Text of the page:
Interior Department Continues to Fumble Drilling Plan as Motorists Suffer Rising Prices at the Pump
At today’s Senate Energy and Natural Resources hearing on the Department of Interior’s budget request, Senator Manchin (D – W.Va.), the top Democrat on the Committee, called out the Department of Interior for refusing to conduct new oil and natural gas lease sales in the middle of an energy price crisis.
Addressing Secretary Haaland, Sen. Manchin said in his opening statement:
“When you were before the committee early last year, I told you that I supported the administration taking a brief pause to review the oil and gas program before resuming lease sales. In July, while you were here during last year’s budget hearing, I made clear that the time for a pause had come and gone … I’m sorry to say it has become crystal clear that the ‘pause’ is in fact a ‘ban’.”
There are plenty of good reasons to be doubtful that the Dept. of Interior plans to follow the law and conduct new lease sales – the first reason being a statement from the Department of Interior’s own press office on the new proposed five-year plan:
“During testimony before the U.S. Senate Committee on Energy and Natural Resources today, Secretary of the Interior Deb Haaland confirmed that, despite delays in implementation from the previous Administration, the Interior Department will release the Proposed Program – the next step in the five-year offshore energy planning process – by June 30, 2022, which is the expiration of the current program. A Proposed Program is not a decision to issue specific leases or to authorize any drilling or development.” (emphasis added)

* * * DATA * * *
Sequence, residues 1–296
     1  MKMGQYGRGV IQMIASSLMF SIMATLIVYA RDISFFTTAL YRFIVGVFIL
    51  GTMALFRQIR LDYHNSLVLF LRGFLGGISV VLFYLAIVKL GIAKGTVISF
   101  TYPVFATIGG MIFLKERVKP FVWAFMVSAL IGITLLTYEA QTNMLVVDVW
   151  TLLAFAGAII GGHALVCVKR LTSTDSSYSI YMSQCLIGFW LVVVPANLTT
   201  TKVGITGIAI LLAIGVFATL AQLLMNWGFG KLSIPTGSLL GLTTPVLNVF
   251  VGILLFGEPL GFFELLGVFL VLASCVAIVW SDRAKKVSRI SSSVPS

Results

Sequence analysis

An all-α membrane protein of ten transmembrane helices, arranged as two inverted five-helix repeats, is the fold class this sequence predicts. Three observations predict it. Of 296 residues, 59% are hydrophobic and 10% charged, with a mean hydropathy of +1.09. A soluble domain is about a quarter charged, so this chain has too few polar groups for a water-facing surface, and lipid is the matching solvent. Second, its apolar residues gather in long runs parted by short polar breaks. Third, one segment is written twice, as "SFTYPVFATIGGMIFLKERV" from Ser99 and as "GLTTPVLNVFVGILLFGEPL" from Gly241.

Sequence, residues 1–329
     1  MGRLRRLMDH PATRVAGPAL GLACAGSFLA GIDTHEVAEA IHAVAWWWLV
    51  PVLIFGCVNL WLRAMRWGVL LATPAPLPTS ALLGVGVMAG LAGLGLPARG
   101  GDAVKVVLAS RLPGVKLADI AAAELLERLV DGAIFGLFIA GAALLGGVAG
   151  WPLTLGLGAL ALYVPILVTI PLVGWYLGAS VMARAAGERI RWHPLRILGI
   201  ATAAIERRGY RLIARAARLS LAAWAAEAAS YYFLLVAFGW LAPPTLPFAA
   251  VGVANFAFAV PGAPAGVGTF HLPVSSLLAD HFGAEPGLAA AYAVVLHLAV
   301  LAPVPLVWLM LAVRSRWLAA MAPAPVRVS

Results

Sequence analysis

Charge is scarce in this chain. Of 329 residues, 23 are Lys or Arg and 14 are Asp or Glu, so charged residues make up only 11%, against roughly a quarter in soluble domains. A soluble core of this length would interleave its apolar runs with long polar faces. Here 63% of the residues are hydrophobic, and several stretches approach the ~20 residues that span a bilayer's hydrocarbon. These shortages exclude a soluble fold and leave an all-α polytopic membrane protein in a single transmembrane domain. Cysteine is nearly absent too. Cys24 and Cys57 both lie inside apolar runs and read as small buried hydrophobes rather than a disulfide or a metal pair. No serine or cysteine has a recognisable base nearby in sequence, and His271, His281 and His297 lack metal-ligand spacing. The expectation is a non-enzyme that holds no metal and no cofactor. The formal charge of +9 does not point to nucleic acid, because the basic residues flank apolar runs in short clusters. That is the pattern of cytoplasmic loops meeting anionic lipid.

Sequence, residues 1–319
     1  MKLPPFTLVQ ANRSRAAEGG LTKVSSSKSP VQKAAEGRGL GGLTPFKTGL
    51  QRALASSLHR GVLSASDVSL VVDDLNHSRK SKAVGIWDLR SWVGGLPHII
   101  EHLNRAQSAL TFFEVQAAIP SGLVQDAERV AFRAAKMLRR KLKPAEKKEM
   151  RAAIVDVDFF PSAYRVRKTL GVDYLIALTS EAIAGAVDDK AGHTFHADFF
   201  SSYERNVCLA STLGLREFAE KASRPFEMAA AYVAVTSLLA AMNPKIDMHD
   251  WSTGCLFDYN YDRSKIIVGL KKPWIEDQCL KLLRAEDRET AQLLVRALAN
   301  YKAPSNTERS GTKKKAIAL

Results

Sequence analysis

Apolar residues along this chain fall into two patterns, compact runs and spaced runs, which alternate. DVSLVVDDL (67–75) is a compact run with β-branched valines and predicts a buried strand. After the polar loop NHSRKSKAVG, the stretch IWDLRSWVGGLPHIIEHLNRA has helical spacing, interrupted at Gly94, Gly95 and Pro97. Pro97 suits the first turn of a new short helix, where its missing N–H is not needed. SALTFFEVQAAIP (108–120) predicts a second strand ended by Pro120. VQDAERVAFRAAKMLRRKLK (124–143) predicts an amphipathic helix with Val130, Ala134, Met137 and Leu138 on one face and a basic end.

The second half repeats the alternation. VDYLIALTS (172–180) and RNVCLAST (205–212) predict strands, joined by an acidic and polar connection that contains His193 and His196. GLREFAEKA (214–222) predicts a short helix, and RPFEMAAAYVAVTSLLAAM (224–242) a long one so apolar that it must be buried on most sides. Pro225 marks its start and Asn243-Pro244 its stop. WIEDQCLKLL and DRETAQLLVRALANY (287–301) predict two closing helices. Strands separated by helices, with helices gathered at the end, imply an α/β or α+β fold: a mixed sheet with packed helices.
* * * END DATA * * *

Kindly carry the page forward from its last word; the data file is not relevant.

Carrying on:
The Interior press release, which was issued in the middle of the hearing, appeared to surprise Sec. Haaland as much as it surprised senators on the committee. As Sen. Manchin said:
“It looks like y’all are going to shut everything down. Did you know you all put this out? … My god somebody, this shuts it down. This shows what your intent is.”
Sec. Haaland was not aware the press release had been issued, saying:
“I’m sorry, I’m sitting in this hearing.”
Sen. Manchin pointed out the unprecedented nature of the DOI press release:
“We’ve never done this. This is history. We’ve never done that before, not issue leases if you put a plan out. The plan has always been a long-term five-year plan to lease.”
Even without the Interior’s confounding statement, the department’s track record casts plenty of doubt on Sec. Haaland’s claim that the department will release the proposed OCS leasing program by June 30th. Last year, Sec. Haaland made a similar commitment to members of Congress that her department would issue a report reviewing federal leasing practices, only to miss the deadline set by her own department by nearly six months.
Jeff Eshelman, Chief Operating Officer of the Independent Petroleum Association of America, recalls last year’s ‘commitment’ from Interior:
“In addition to the problems of waiting until the last minute to give the industry the certainty it needs for offshore leasing, this is deja vu all over again. It was almost one year ago to the day that Secretary Haaland assured members of Congress that the review on federal leasing would be delivered by ‘early summer.’ That report wasn’t published until the day after Thanksgiving.”